By Benjamin Guth, Director of Operations, Diamond Global Recruitment Group
So you have made the decision to hire workers from abroad. Now comes the tricky part. How can you be sure that you are choosing candidates who will be loyal to your company? How do you know they have integrity and a passion for their work? Will they integrate well into your existing workforce? How will you evaluate whether they have the language or technical skills necessary for the job that you expect them to do? How sure can you be that the candidate you select will meet the criteria for a work permit?
Recruiting and screening candidates abroad on your own is like navigating a cave without a headlamp. You never know if you are going to find the exit, and you will surely bump into many walls before doing so. If you choose to do this on your own, you must first become familiar with the source country’s recruitment laws. For example, the government of the Philippines requires that you use a local licensed agency to represent you in order for the workers to obtain exit clearances. Selecting an agency abroad is risky. Many overseas recruitment firms charge workers exorbitant fees for jobs. With the new Canadian laws protecting foreign workers, you will be liable for all fees the worker has paid to a foreign recruiter. Candidates have been known to pay up to $10,000 for opportunities to work in Canada. This traditionally happens behind an employer’s back, with candidates that have been sworn to secrecy. Top recruitment firms find talent that is currently employed. Their recruits have experience in your specific industry and position. Most companies in Canada do not have access to these candidates. Canadian companies tend to rely on personal referrals from existing staff to source foreign workers. While this seems like a cost effective way to hire, this does not usually yield great results. Business owners want to show their employees that they care by helping their family, but this is not always what is best for the company. Ask yourself this question – would you hire all of your siblings? Cousins? In-laws? One can not judge a candidate strictly by the friends and family they possess. Without the expertise in immigration needed to evaluate the candidates’ eligibility (ie: legal status, marital status, education requirements, work history), business owners cannot determine if these family members meet work permit criteria. Imagine going through the entire LMO process, waiting months for the staff you desperately need, only to find out that the candidate did not have proper documentation necessary to leave their own country!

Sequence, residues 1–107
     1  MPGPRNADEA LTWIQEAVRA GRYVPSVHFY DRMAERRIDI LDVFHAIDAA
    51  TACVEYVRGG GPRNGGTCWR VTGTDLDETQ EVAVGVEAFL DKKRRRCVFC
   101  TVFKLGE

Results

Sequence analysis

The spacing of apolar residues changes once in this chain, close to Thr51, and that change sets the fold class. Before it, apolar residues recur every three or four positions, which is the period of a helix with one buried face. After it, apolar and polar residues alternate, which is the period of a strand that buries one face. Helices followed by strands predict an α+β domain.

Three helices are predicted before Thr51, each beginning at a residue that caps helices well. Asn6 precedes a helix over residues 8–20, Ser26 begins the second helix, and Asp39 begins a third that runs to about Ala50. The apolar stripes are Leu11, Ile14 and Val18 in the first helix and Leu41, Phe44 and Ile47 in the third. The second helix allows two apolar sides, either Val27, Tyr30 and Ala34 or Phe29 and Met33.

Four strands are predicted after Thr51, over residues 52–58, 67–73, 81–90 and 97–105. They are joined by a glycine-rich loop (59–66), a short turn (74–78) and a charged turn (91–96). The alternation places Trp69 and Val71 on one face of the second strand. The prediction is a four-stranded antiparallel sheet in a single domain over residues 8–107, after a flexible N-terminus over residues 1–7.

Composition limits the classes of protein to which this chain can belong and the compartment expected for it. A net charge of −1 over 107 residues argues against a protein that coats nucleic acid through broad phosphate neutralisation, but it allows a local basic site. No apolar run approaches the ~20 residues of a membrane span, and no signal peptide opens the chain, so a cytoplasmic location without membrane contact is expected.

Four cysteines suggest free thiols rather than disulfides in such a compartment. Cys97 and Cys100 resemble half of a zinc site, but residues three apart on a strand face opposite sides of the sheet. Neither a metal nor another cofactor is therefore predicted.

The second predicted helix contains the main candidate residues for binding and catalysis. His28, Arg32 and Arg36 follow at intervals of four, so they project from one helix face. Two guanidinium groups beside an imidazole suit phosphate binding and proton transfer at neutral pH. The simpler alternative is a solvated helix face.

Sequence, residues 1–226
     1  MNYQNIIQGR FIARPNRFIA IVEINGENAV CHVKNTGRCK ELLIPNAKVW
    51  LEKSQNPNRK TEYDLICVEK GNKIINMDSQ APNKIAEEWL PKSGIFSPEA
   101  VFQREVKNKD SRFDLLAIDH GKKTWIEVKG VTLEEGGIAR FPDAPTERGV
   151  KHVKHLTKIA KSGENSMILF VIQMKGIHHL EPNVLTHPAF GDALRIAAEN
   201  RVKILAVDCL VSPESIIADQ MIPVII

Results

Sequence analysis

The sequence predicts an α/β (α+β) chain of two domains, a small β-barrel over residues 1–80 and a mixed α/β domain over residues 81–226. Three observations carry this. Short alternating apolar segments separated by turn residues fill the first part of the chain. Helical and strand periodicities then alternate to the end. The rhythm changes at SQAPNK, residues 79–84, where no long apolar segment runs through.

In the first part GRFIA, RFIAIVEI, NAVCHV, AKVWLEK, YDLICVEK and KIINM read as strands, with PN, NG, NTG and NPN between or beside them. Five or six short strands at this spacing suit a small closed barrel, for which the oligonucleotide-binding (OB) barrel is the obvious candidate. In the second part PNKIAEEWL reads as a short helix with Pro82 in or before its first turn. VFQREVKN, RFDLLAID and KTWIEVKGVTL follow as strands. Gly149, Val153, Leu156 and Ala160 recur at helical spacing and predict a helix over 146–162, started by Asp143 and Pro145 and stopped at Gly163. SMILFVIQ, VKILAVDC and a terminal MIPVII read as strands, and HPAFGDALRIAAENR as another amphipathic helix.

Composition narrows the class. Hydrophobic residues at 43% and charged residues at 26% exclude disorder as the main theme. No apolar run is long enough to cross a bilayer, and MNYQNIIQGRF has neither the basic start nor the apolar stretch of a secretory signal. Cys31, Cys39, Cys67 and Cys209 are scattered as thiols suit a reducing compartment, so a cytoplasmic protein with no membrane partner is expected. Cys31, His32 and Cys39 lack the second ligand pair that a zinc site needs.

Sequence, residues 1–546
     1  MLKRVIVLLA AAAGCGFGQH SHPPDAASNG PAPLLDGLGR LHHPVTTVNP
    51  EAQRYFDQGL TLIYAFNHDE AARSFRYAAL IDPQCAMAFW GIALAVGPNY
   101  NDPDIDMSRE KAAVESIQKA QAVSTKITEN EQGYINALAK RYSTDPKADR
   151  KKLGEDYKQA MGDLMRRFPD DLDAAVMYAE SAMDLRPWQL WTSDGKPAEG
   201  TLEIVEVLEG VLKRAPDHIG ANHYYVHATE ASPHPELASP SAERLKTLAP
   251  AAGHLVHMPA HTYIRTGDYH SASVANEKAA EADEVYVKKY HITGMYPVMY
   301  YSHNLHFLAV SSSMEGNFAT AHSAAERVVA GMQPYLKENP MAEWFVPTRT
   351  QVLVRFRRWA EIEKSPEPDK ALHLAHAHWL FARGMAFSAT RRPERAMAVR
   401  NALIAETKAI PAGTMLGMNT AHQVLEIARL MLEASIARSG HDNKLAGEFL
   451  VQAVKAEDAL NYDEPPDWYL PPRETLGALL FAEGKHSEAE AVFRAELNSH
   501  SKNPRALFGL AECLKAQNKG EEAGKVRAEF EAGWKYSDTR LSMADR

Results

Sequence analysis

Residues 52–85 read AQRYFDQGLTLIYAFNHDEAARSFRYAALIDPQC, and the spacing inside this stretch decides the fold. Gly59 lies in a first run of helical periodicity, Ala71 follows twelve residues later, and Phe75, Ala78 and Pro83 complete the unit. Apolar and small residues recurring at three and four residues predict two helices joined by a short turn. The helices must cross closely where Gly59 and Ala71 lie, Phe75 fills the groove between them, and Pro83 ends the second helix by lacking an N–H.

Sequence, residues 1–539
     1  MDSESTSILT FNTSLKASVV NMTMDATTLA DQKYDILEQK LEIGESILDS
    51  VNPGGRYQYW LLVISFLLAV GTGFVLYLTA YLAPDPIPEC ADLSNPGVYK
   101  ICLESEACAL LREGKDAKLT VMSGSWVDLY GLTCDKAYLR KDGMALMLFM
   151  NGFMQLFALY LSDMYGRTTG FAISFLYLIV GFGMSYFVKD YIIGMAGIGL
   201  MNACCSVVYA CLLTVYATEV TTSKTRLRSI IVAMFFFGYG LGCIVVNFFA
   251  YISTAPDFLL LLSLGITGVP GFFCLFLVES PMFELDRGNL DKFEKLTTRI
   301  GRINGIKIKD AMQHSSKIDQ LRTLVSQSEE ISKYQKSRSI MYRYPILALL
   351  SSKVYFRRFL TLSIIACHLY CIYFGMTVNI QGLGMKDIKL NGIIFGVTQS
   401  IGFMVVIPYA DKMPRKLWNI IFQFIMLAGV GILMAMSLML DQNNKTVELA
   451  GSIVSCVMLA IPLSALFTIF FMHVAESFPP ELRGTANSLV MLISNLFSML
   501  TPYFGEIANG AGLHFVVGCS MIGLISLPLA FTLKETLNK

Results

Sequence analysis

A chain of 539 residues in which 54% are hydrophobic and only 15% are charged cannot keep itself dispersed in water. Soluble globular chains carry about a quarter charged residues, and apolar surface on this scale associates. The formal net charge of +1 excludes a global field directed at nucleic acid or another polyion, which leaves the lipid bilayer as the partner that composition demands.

Evaluating your candidates’ motivation is key to choosing the right candidate. Are they coming for an adventure? Are they desperate for any opportunity to work in Canada? What do they know about your company? Do they fully understand the location, working conditions, housing and job expectations? Are they prepared to work the shift hours and weekends you need? How can you be certain that they will be loyal? Do they understand what payroll deductions will be made and how much money they will have left to send home? These are difficult things for business owners in Canada to evaluate. Assessing a foreign worker’s attitude and buy-in to your company culture is very different from hiring a Canadian employee. All potential foreign workers should be interviewed by their future manager via Skype. A thorough behavioural interview inclusive of questions to evaluate future behaviour based on past performance should be included. During this interview, you will be able to assess language comprehension and their ability to communicate effectively. The big question, will they fit in, is one that should be answered before you ever sign a contract.
The moral of the story is to select an experienced foreign recruitment agency. Whether you are starting from scratch or you would like to use their services to evaluate your own candidates, it will save you aggravation, time and money. This is definitely a job for the experts.